Thursday, October 30, 2008

Scarlet – A Scala DSL for web applications

Work in Progress
The Scarlet project is currently under development. Please keep an eye on the sourceforge project site ( or contact personally for updates.

Introduction to Domain Specific Language (DSL)

Domain-specific languages have lately become a hot topic and a lot is being spoken and written about them all over the internet; much of the buzz around functional languages is their applicability to (once again) put the power and control of an application in exactly the right place where it belongs, i.e. in the hands of its users.

By defining a simple language that the application users can understand, feel comfortable to communicate and use, programmers can effectively reduce their involvement in the never-ending cycle of UI requests and enhancements and can let users create scripts and other tools that allow them to create newer behavior in the applications they use. A perfect example of a wildly successful DSL is the Microsoft® Office Excel "language" used to express the various calculations and contents of the cells in the spreadsheets.

Well, some might even go far and suggest that SQL itself is a DSL, this time a language aimed specifically at interacting with the relational database (Imagine if programmers had to fetch data out of Oracle via traditional API read()/write() calls — Eshhhh! Now that’s a nightmare).

What is Scarlet…?

To be quick to the point: Scarlets is an attempt to create “platform-independent”, “compilable” and “executable” pseudo-codes.

Pseudo-codes are a kind of structured english for describing algorithms; which enables the designer to focus on the logic of the algorithm without being distracted by details of language syntax. The intent is to describe the entire logic of the algorithm with finer details so that implementation becomes a rote mechanical task of translating line by line into source code.

We have known pseudo-codes probably since the beginning of times at software engineering. And although we understand that pseudo-codes are capable of describing the entire logic of an algorithm to such an extent that implementation remains to be a simple mechanical task of translating lines of plain english into source code; yet, this so-called simple mechanical task is till date performed with human efforts.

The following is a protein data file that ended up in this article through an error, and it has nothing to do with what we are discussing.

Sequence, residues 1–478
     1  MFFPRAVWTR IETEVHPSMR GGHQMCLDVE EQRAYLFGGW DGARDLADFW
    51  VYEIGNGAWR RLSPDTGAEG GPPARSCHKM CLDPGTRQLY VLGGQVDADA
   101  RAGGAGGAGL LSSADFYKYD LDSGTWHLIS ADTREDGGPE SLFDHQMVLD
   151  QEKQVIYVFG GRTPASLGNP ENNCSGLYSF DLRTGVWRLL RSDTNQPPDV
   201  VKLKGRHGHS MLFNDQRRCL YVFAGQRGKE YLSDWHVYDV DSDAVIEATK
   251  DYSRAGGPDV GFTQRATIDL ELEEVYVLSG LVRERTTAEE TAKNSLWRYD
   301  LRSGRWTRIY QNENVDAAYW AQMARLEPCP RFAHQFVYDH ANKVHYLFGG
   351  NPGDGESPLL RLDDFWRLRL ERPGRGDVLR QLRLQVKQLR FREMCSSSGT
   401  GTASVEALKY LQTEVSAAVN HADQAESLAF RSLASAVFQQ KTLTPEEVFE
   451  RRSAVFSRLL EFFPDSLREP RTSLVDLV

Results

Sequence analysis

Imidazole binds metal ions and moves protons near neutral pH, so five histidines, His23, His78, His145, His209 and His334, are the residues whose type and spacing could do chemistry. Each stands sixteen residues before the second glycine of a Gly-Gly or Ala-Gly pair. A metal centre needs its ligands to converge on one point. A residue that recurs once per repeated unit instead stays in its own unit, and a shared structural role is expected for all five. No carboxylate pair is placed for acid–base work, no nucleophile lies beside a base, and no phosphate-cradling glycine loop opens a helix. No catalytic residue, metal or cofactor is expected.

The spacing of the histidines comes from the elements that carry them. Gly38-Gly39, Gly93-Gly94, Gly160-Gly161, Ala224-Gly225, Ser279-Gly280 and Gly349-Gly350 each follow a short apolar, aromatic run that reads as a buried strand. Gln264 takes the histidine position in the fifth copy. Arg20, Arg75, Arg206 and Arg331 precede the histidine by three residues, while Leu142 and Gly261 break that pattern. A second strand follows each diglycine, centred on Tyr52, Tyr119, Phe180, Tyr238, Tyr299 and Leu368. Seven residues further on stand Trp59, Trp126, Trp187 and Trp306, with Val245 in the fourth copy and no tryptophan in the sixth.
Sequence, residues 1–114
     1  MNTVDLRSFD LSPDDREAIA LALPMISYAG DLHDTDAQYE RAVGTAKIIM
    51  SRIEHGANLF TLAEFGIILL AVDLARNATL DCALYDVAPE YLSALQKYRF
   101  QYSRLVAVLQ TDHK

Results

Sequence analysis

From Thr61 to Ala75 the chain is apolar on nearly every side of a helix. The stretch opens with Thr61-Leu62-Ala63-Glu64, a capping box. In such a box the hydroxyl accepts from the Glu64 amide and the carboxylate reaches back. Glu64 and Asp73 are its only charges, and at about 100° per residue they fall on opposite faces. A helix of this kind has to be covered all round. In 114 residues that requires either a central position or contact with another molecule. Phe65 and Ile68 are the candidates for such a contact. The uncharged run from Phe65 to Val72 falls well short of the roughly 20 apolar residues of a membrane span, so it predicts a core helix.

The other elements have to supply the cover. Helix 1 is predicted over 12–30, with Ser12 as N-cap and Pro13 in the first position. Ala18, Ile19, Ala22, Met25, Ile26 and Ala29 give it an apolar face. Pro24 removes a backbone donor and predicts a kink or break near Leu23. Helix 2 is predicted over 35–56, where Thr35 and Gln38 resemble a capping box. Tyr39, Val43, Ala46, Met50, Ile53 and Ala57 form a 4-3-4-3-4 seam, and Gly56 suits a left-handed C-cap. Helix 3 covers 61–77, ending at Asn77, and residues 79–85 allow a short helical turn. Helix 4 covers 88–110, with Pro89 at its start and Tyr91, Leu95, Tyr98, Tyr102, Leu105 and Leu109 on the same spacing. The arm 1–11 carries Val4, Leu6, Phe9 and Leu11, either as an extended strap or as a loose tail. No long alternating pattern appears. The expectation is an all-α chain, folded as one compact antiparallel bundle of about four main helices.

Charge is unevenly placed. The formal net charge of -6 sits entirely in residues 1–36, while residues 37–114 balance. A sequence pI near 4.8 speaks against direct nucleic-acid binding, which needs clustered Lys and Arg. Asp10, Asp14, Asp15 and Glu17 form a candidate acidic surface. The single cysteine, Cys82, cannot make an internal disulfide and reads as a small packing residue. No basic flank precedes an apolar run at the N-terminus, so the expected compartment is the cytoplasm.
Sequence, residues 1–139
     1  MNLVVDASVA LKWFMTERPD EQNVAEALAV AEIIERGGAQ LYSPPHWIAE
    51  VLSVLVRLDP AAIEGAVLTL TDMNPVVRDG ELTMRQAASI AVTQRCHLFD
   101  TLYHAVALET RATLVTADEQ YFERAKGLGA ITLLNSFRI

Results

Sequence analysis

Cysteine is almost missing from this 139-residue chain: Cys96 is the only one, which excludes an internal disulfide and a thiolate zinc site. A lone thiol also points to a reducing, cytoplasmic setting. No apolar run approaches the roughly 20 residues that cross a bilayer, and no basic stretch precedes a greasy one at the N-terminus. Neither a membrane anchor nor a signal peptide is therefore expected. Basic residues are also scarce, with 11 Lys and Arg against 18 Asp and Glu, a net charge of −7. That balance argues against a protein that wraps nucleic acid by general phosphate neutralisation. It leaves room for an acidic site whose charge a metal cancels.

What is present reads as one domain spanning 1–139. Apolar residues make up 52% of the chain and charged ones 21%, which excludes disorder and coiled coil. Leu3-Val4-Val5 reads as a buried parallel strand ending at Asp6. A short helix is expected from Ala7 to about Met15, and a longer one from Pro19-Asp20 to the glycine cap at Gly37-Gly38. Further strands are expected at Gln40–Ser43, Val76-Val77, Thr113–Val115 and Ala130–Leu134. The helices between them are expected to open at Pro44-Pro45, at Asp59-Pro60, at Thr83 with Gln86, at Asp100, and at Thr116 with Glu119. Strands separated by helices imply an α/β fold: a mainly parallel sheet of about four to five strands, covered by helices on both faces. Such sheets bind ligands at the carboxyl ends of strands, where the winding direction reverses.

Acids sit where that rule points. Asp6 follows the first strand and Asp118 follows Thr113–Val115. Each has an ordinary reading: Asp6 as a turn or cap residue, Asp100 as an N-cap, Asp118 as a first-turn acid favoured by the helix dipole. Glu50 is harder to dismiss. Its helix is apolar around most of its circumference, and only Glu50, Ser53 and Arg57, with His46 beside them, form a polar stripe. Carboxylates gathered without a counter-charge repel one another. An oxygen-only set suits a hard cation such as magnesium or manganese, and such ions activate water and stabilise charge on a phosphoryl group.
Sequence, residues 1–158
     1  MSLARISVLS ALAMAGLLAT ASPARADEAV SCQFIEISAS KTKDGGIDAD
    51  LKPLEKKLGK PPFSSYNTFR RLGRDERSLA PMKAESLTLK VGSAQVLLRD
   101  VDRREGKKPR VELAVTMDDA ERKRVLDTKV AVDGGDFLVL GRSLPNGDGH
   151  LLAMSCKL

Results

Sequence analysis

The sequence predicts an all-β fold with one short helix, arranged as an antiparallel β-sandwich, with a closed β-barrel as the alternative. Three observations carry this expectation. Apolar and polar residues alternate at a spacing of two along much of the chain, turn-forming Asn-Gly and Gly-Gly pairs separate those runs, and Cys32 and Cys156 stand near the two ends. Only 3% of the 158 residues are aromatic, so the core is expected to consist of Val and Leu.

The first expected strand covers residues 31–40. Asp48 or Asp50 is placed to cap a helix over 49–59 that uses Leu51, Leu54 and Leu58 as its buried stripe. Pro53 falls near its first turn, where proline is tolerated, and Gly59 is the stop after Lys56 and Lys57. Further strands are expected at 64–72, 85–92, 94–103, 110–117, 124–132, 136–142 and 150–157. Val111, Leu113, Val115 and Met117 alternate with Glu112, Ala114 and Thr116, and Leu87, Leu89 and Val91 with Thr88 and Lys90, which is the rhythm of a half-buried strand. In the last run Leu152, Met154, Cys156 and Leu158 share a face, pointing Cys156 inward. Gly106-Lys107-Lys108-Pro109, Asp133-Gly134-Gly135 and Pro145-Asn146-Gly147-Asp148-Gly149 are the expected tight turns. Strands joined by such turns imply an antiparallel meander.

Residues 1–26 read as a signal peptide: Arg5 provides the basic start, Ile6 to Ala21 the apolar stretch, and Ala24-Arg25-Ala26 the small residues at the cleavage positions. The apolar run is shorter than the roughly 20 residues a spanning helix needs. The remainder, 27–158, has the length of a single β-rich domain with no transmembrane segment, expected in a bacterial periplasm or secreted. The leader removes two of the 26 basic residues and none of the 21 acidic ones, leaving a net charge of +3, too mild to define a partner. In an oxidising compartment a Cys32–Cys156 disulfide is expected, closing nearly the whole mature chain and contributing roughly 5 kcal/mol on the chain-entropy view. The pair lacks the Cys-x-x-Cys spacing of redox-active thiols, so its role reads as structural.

The Scarlets project intends minimize this human intervention by defining a Scala based domain-specific language which is very much like structured english and is a narrative for someone who knows the requirements (problem domain); so that he/she can write a pseudo code and see it run with zero or minimal involvement of a programmer who knows the programming language (implementation domain).

A Sample Scarlet

The following is a sample implementation of Scarlet –

AccountApp.scala :

val userName = theParameter named "user" in request
if (userName equals "nothing") {
~~~this renders "AccountUserForm.jsp"
} else {
~~~theAttribute named "LoggedInUser" in session is userName

~~~val accountHolder = new AccountHolder("B123456", "Rahul", "Roy")
~~~val account = new Account("SA-001", accountHolder, 100.00)

~~~theAttribute named "AccountObject" in session is account

~~~this renders "AccountDisplay.jsp"

Do we need a description for the above implementation…? Well, I’d rather leave it for you to understand. Meanwhile here is how the AccountUserForm and AccountDisplay Java server-pages (JSP) look like.

AccountUserForm.jsp :

~~~~~~<title>Scarlet Sample</title>
~~~~~~<form action="AccountApp" method="GET">
~~~~~~~~~Username : <input type="text" name="user" />
~~~~~~~~~<input type=submit value="Login" />

AccountDisplay.jsp :

~~~~~~account = session.getAttribute("AccountObject");
~~~~~~LoggedInUser = session.getAttribute("LoggedInUser").toString();
~~~~~~<title>Scarlet Sample</title>
~~~~~~<%=LoggedInUser%>'s Account : <%=account%>

I hope you found Scarlets to be interesting; anyways please do feel free to share your thoughts and comments here so that I can better it with your cooperation.

Thursday, October 16, 2008

Web4J : An Interesting framework

Its been quite a while since my last post here. I understand that my sudden disappearing act must have annoyed a many of my regular visitors; especially the ones who are expecting the second part of the XRX tutorial.

Whilst you wait for the concluding part of the XRX article, I thought of sharing somethings that i found to be interesting -

As Java Web application frameworks have become more powerful and flexible, they've also become more complex. John O'Hanley's WEB4J framework in many ways flies in the face of this trend: it offers few customization options, but is easy to learn and work with. Read on to learn about the unusual (and somewhat contrarian) development principles behind WEB4J. You'll also have the opportunity to test out the framework by building a feature for a sample Web application... [more]